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Dolomitization of the Middle Bakken Member at Elm Coulee Field, Williston Basin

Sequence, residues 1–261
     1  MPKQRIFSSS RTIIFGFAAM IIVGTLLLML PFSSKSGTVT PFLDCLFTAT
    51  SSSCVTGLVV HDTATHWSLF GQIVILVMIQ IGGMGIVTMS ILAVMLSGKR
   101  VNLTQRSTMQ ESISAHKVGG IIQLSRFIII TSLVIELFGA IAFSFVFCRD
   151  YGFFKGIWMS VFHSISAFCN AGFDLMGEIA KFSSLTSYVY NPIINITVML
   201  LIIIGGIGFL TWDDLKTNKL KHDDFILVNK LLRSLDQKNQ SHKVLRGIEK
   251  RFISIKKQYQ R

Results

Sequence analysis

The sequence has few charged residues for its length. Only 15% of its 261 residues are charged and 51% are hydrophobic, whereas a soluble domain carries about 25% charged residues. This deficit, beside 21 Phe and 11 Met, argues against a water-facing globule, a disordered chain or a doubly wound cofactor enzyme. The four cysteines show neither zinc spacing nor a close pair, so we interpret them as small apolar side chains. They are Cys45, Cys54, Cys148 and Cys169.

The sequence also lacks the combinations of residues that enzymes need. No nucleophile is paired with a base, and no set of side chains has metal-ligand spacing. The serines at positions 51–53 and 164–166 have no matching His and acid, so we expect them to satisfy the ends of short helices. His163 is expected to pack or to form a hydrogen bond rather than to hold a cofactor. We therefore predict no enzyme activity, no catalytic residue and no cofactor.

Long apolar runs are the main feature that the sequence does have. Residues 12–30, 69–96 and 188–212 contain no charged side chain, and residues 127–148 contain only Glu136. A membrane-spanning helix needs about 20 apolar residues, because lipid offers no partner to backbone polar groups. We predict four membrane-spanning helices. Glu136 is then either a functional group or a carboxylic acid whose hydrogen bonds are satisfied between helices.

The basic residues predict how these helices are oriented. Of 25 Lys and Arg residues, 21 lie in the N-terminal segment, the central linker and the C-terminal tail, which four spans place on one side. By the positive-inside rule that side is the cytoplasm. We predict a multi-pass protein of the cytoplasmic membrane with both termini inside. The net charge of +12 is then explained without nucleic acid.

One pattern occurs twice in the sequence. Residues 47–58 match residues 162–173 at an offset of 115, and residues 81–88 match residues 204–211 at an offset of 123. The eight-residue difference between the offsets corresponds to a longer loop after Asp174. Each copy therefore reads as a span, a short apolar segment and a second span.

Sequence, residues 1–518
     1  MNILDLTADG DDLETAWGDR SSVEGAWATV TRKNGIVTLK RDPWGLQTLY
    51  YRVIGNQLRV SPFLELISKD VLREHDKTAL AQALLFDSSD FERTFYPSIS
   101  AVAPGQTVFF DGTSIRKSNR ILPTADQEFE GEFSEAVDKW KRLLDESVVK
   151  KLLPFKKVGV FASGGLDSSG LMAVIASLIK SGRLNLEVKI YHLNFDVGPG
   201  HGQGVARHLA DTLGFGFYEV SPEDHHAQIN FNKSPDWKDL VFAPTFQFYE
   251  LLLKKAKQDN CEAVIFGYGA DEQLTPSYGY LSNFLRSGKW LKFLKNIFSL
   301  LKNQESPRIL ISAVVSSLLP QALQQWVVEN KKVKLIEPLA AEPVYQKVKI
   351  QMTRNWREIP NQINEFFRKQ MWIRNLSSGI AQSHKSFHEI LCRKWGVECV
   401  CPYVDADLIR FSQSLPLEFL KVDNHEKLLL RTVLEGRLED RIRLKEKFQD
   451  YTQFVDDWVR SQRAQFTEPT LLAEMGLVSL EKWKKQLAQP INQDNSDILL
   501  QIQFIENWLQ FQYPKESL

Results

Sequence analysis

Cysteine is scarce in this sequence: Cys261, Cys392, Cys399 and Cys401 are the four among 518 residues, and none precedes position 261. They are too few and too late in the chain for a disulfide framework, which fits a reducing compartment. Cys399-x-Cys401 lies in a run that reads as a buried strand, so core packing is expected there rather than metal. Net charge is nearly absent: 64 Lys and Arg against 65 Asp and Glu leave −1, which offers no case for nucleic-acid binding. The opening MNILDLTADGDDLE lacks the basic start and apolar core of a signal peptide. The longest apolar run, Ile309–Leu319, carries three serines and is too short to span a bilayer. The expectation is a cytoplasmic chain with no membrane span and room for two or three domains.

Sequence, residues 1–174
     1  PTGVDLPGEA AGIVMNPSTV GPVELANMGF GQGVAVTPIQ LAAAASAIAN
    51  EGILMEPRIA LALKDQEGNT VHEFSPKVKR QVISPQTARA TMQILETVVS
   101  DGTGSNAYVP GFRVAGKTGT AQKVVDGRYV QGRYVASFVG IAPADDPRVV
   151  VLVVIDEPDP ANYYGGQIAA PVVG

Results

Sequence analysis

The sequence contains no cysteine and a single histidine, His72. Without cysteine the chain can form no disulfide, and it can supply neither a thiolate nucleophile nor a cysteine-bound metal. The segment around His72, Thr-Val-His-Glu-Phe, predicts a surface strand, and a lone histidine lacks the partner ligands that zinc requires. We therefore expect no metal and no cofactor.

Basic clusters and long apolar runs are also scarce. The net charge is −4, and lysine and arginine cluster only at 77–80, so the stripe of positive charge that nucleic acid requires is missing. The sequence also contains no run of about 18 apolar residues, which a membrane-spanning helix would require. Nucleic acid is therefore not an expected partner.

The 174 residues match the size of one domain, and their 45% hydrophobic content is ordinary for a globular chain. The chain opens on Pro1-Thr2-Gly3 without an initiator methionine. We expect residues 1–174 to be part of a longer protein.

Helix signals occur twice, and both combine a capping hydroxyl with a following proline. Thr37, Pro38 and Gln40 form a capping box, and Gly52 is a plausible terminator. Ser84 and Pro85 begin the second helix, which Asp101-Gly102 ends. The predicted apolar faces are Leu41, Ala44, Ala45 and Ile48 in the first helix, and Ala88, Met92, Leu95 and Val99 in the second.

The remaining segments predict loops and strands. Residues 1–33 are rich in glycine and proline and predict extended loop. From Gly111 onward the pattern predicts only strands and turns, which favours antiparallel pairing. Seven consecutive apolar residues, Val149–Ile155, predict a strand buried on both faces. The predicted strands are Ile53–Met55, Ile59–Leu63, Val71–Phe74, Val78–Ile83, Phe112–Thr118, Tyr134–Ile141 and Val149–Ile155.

The Elm Coulee field in the Bakken Petroleum System is one of the most productive fields in the Williston Basin. The Middle Bakken Member at Elm Coulee has higher dolomite content than other fields, and this has been associated with higher TOC. This also means that Elm Coulee features a different reservoir rock than other fields: specifically, the “B facies” in the Middle Bakken Member. The main purpose of this study was to address dolomitization in this field. Characterizing the diagenetic history of the dolomite present afforded a better understanding of the secondary porosity and permeability, both of which control reservoir rock properties at Elm Coulee. This work has provided an analog for similar unconventional reservoirs. Petrographic work, XRD and XRF analysis, and stable isotope data were used to constrain major diagenetic events and characterize the Elm Coulee dolomite as the product of one or more dolomite models. Planar-s to planar-e textural fabrics were observed in thin sections taken from six different cores in the field. These textures have previously been associated with both the seepage reflux and mixing zone models of dolomitization. Isotope data suggested that diagenesis did not take place in a mixing zone environment. The results of this work show that that the dolomite in the Middle Bakken Member is the result of a seepage-reflux process. The reflux model is one in which the dolomitizing solution is an evaporative brine with a high Mg/Ca ratio due to the removal of Ca through aragonite, gypsum, or anhydrite precipitation. Model interpretation was based on low fossil content, low bioturbation index, chemostratigraphic data, and stable isotope analysis.